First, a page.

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Hubert Dreyfus and Charles Spinosa write that: “According to Heidegger our nature is to be world disclosers. That is, by means of our equipment and coordinated practices we human beings open coherent, distinct contexts or worlds in which we perceive, feel, act, and think.”

Heidegger scholar Nikolas Kompridis writes: “World disclosure refers, with deliberate ambiguity, to a process which actually occurs at two different levels. At one level, it refers to the disclosure of an already interpreted, symbolically structured world; the world, that is, within which we always already find ourselves. At another level, it refers as much to the disclosure of new horizons of meaning as to the disclosure of previously hidden or unthematized dimensions of meaning.”

Being-in-the-world is Heidegger’s replacement for terms such as subject, object, consciousness, and world. For him, the split of things into subject/object, as we find in the Western tradition and even in our language, must be overcome, as is indicated by the root structure of Husserl and Brentano’s concept of intentionality, i.e., that all consciousness is consciousness of something, that there is no consciousness, as such, cut off from an object (be it the matter of a thought or of a perception). Nor are there objects without some consciousness beholding or being involved with them.

At the most basic level of being-in-the-world, Heidegger notes that there is always a mood, a mood that “assails us” in our unreflecting devotion to the world. A mood comes neither from the “outside” nor from the “inside,” but arises from being-in-the-world. One may turn away from a mood but that is only to another mood; it is part of our facticity. Only with a mood are we permitted to encounter things in the world. Dasein (a co-term for being-in-the-world) has an openness to the world that is constituted by the attunement of a mood or state of mind. As such, Dasein is a “thrown” “projection” (geworfener Entwurf), projecting itself onto the possibilities that lie before it or may be hidden, and interpreting and understanding the world in terms of possibilities. Such projecting has nothing to do with comporting oneself toward a plan that has been thought out. It is not a plan, since Dasein has, as Dasein, already projected itself. Dasein always understands itself in terms of possibilities. As projecting, the understanding of Dasein is its possibilities as possibilities. One can take up the possibilities of “The They” self and merely follow along or make some more authentic understanding.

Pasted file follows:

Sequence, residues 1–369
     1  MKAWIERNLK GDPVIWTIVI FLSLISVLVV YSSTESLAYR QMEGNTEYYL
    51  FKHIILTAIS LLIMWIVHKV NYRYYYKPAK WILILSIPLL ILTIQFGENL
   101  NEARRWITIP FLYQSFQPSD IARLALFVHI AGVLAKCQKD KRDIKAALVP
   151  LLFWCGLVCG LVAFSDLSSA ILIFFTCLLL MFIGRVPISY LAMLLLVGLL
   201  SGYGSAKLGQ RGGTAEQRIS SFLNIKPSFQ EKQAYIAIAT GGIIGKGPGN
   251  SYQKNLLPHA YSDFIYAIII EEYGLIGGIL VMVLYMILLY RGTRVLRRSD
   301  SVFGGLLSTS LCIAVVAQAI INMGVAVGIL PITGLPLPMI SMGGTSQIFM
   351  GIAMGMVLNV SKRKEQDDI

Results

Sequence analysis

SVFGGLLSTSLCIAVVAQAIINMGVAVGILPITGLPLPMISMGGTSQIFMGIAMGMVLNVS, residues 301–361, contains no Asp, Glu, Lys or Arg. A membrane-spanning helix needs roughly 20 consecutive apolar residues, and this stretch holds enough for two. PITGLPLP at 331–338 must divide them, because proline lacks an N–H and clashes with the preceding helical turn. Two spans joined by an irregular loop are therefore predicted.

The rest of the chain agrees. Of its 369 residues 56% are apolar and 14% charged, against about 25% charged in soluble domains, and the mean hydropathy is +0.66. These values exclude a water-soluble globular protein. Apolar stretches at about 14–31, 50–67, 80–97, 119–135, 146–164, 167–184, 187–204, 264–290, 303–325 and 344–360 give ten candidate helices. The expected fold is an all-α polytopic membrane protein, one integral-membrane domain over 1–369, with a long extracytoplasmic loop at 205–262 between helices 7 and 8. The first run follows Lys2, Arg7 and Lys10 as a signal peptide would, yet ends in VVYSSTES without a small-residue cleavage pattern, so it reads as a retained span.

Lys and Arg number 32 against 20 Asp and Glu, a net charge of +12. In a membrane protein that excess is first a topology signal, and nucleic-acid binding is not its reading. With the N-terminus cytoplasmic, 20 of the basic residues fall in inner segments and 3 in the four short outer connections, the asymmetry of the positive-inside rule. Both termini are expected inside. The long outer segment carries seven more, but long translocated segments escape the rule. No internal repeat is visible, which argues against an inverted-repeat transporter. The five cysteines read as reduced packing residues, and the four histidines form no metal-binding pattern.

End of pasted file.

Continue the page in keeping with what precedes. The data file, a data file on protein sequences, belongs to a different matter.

Heidegger gives us four ways of using the term world:

1. “World” is used as an ontical concept, and signifies the totality of things which can be present-at-hand within the world.
2. “World” functions as an ontological term, and signifies the Being of those things we have just mentioned. And indeed ‘world’ can become a term for any realm which encompasses a multiplicity of entities: for instance, when one talks of the ‘world’ of a mathematician, ‘world’ signifies the realm of possible objects of mathematics.
3. “World” can be understood in another ontical sense—not, however, as those entities which Dasein essentially is not and which can be encountered within-the-world, but rather as the wherein a factical Dasein as such can be said to ‘live’. “World” has here a pre-ontological existentiell signification. Here again there are different possibilities: “world” may stand for the ‘public’ we-world, or one’s ‘own’ closest (domestic) environment.
4. Finally, “world” designates the ontologico-existential concept of worldhood (Weltheit). Worldhood itself may have as its modes whatever structural wholes any special ‘worlds’ may have at the time; but it embraces in itself the a priori character of worldhood in general.


The Essential Dialectic of World-Horizon is:

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The Intermediary Dialectic of World-Horizon is:

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The Complete Dialectic of World-Horizon is:

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